This year I wanted a course outline that signaled to students right away that this course was way more about them as individuals than about a long laundry list of learning outcomes. I also wanted to establish a shared “why” for us as a class and to invite students to formulate their own personal “why” for the year ahead in Biology. This idea gave me a lens for the course in general and one which fits perfectly with Biology; unity and diversity (or individual and community).
I also decided after much internal debate to embrace the e-portfolio as a mechanism for students to collect, document and showcase their own “story”. To that end students will use 9 standards (drawn heavily from the work of Chris Ludwig) to organize their evidence as we go along.
Below is the outline and 9 course standards. Students will collect evidence for each of the 9, but only the first 7 will be as evidence for a letter grade in the course. I will be using Weebly for student portfolios. After much debate this seemed the simplest (although there is a cost for student sites). I have more detailed standards (some still to write) for each unit. This is still very new for my brain and I am by no means an expert, but I am excited to dive in and try.
The Animoto video was shown to students to model the “we all have stories” idea (even us teachers!) .
We all have stories to tell.
We share similarities and simultaneously each of us is unique.
Using themes is one way in which we can learn about the living world around us. One such theme is unity and diversity; understanding how life is united and similar but at the same time how species (Homo Sapiens) and individuals (you) are different.
We could summarize this as:
How are WE all the same? How are YOU unique?
This is the theme we will use this year to guide our study of Biology. Hopefully this will give us a deeper understanding of how we share experiences (birth, death, growth etc.) and at the same time have unique traits (ex. fingerprints, DNA) and combinations of experiences that are uniquely our own.
To make this theme more “student friendly” and relevant to “real life” , we will refer to this as “telling our story”. Each of us, has a story to tell (part of what makes us unique) and as we tell our story, collecting artifacts and evidence, this will hopefully provide insight into the shared experience of being a human being.
How will you tell your story?
Create a self-sustaining community of self-regulating learners.
This year we will work as a community to support, encourage and catalyze each other as a self-regulating learner. In this space we will work towards collaborating as a group of learners, to allow each to find and tell their story.
We will work individually to create your own unique story that spotlights and focusses on our own story. But we will work to recognize and embrace that collaborative work is key to understanding and telling of our story.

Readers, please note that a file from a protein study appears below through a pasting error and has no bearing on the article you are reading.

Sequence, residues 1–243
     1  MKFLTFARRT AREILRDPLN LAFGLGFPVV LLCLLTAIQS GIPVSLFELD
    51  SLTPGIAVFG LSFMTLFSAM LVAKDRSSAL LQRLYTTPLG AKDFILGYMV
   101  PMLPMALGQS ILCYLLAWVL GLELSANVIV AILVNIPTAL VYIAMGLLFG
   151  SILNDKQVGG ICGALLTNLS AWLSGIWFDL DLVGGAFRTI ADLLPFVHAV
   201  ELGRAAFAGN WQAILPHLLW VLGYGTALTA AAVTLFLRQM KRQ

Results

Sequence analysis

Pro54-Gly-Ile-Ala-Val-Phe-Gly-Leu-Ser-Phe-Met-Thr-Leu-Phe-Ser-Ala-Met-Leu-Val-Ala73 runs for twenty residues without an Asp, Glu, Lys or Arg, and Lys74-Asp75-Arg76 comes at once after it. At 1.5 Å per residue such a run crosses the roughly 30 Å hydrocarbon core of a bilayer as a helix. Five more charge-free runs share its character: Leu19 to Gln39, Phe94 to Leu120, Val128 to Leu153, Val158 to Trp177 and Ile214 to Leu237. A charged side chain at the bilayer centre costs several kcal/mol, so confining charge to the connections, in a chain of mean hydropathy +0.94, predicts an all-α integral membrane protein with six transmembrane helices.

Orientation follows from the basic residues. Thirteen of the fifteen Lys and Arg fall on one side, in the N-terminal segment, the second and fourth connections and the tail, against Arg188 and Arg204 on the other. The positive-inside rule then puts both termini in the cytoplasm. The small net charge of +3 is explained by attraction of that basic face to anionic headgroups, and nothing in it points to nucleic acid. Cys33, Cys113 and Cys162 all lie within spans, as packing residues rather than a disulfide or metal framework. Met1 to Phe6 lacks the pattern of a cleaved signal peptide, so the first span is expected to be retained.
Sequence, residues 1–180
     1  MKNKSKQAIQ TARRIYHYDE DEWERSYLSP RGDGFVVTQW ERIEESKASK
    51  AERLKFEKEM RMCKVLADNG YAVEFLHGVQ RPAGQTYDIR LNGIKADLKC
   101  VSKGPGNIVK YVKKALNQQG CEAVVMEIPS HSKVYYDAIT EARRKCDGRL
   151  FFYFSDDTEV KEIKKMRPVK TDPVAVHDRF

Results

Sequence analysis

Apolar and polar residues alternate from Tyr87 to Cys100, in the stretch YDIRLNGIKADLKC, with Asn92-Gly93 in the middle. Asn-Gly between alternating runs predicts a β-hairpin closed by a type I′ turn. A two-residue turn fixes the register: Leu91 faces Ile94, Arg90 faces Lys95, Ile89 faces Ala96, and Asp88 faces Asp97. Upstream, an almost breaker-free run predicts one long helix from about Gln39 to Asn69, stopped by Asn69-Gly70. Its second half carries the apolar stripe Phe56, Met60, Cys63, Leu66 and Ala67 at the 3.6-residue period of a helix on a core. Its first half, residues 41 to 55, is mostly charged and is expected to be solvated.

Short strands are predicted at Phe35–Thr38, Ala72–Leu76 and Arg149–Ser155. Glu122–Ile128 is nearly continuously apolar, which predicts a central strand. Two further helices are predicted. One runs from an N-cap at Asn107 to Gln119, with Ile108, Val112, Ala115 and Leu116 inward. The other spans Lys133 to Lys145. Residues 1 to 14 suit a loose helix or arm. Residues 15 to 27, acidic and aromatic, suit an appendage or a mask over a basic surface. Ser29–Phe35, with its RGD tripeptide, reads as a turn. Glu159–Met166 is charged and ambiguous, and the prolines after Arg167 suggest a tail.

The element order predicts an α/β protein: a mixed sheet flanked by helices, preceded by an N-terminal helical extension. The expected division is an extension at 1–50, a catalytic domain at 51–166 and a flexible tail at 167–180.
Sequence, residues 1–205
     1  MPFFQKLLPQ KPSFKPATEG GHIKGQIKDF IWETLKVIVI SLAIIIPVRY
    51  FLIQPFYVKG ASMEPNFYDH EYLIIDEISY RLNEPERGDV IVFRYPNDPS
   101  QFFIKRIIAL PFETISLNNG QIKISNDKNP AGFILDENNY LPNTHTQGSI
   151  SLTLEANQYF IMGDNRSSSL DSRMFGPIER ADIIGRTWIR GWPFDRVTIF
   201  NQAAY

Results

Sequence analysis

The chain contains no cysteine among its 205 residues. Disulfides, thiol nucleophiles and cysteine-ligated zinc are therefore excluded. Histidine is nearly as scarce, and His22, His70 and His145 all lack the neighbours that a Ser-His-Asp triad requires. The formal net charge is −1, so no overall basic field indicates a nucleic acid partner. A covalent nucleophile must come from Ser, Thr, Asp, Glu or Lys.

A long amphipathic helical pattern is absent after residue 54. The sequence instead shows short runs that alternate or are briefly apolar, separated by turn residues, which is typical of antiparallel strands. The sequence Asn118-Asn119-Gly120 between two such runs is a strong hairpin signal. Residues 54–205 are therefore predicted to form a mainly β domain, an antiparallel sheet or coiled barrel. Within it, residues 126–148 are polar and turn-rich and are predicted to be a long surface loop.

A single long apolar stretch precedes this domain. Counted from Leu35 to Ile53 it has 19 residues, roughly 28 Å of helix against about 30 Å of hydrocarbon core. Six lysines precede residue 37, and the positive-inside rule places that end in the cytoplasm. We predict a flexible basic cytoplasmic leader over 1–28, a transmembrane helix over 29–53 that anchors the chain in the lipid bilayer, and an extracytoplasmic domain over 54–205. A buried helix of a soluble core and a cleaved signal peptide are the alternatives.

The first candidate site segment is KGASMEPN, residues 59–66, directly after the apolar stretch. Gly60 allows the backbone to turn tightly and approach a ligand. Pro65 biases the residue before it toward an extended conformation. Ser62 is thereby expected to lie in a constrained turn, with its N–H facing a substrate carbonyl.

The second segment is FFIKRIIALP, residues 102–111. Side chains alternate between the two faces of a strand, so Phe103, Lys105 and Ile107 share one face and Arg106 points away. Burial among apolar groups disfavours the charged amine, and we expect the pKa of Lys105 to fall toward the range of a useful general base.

Create your story.
Create an e-portfolio which tells your story. To this end you will be responsible to collect evidence and artifacts and evidence around the standards below. Your portfolio will focus on 3 areas: Performance, Progress, and Process.
1. Content: I can accurately use key terminology, specific facts, and explain key concepts related to biochemistry, cell structure and function, bioenergetics, cell reproduction, genetics, and evolution.
2. Research: I can examine past and current research in the biological sciences and articulate its impact on society and consider pros and cons.
3. Lab Skills: I can explain the principles and purposes behind the techniques introduced in laboratory experiments.
4. Experimental Design: I can carry out scientific investigations to solve problems, formulate hypotheses, and design controlled experiments.
5. Data Analysis: I can interpret and manipulate data in a variety of formats, such as graphs, tables, and charts, to analyze results and derive and defend conclusions.
6. Tech Savy: I can select and apply contemporary forms of technology to solve problems, compile information, and communicate with a global audience.
7. Communicator: I can communicate clearly and logically in essays and multimedia presentations.
8. Metacognition: I can evaluate my own learning, recognize areas of strength and weakness, and can describe the next steps for growth.
9. Community Member: I can contribute to the learning community in our classroom through meaningful participation in group work, modeling of good work habits, giving my best efforts, and working towards displaying a positive attitude.